Howland937

Active member
If it is a human, then the justice system will be invariable applied in an uneven fashion, as bias will always be there.
It's already done that way. 1st degree murder, 2nd degree, 3rd degree, the varying levels of manslaughter...then compound it with "gun specifications" etc...

There's no way to remove the human element from the administration of justice. Humans themselves made the laws, enforce the laws and interpret the laws. Granted, there's bias and uneven application all the time. I don't recall if you replied to the question I asked earlier in the thread, so I'll put it out there again.
Were the parties found guilty of war crimes and crimes against humanity at Nuremberg unjustly hung, or were they deserving of that end?
 
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Howland937

Active member
The slippery slope to me is that we, in most states, are allowed by law to take a life in order to preserve our own or the life of another. We can preemptively cause the death of another without ever actually being harmed. But if the person threatening our lives actually follows through on a threat and ends the life of one of us, they somehow shouldn't face the same fate?
 

roscoe

Well-known member
It's already done that way. 1st degree murder, 2nd degree, 3rd degree, the varying levels of manslaughter...then compound it with "gun specifications" etc...

Right - so there are graduated penalties. With an execution it is binary - we execute them or we don't. There is no opportunity to use the kind of sliding scale of 1st, 2nd, 3rd, etc.
 

roscoe

Well-known member
I don't recall if you replied to the question I asked earlier in the thread, so I'll put it out there again.
Were the parties found guilty of war crimes and crimes against humanity at Nuremberg unjustly hung, or were they deserving of that end?

This is WAY complicated, since we were executing people for things done outside US jurisdiction, based on international laws the Nazis never would have recognized. Yet, there were clearly very important international norms (with regard to prisoners of war, but obviously also genocide) the Nazis violated, and the world had to have some way of dealing with it. So, honestly, I don't know. Some of it felt like an emotional response (which was obviously understandable).

It was notable that there were not that many hangings, which seems pretty generous after the killing of 10s of millions by the Nazis. Even if you include subsequent trials (second Nuremburg, Doctors' trials, Auschwitz trials, Dachau trials, etc.), it is really not that many. Fewer than 300, I believe. Nothing like what the Soviets did.

It was clearly an emotional response after the horrors of WW 2. But I don't think we would do it today (even though I think that, in general, killing Nazis seems like a good rule of thumb).
 

roscoe

Well-known member
The slippery slope to me is that we, in most states, are allowed by law to take a life in order to preserve our own or the life of another. We can preemptively cause the death of another without ever actually being harmed. But if the person threatening our lives actually follows through on a threat and ends the life of one of us, they somehow shouldn't face the same fate?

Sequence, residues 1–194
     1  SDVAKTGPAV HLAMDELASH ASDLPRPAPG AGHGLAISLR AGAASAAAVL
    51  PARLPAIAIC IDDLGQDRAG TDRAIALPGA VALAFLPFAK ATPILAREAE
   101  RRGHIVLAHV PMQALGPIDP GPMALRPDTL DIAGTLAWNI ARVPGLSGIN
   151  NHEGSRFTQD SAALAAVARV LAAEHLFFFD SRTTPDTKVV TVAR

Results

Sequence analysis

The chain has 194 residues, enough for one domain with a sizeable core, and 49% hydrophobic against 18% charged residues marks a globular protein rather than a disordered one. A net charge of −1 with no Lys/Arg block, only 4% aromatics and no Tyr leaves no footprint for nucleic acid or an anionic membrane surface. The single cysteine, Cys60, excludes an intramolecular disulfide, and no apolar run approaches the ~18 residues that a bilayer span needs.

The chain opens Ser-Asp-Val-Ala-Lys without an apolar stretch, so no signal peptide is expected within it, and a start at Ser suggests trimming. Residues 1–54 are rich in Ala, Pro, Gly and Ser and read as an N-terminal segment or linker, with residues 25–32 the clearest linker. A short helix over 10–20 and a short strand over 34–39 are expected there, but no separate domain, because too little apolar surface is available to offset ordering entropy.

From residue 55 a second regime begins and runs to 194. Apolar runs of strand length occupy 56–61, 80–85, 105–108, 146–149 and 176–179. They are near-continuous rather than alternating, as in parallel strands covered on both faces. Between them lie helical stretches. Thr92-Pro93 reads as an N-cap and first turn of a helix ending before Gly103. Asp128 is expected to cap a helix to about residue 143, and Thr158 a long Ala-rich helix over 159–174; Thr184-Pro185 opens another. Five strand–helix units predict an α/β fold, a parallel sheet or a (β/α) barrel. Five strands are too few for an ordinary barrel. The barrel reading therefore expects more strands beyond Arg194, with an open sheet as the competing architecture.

Yes. There is a very important distinction here. In self-defense, it is the act of a private citizen typically made under extreme duress and time pressure. An execution is the act of a government in which the role of the justice system is not self-defense, but typically some combination of retributive and restorative justice (and in some non-capitol cases, rehabilitative). The purpose of the killing is far different - a priori self-defense vs. a posteriori punishment. The standards of behavior, risk assessment, judgement, decision-making, and punishment are far different between the two circumstances.

If you are threatened and fail to act, you (or loved ones) may suffer significantly. The same does not apply to a government - having a murderer sit in a cell poses no threat to society or the government. It is trying to find some way to right the moral balance by punishing the guilty (which, in most cases, even execution would not do).

And here is the critical point - since we know that false convictions occur at some quantifiable number, if we allow capital punishment, we are knowingly sentencing some number of innocent citizens to unjust death. That, to my mind, offsets any potential chance to right the moral balance, which is the justice system's true goal. Executing the innocent further tilts the moral balance in the wrong direction. If you sentence someone to sit in a cell forever, you at least have a chance to undo any errors.
 

Howland937

Active member
Ok, so FFWD a few decades. U.S. forces captured Saddam turned him over to the Iraqis and allowed him to be tried and executed in their court. Subsequently U.S. forces conducted a raid and killed bin Laden. Were those revenge killings or punishment? Are we only permitted to administer death sentences to foreign enemies of our country, or enemies of humanity? Should we be required to preserve the lives of foreign monsters in the same manner we preserve the lives of our domestic ones?
It was notable that there were not that many hangings
They only hung the ones that wouldn't benefit our technological advancements.
 

roscoe

Well-known member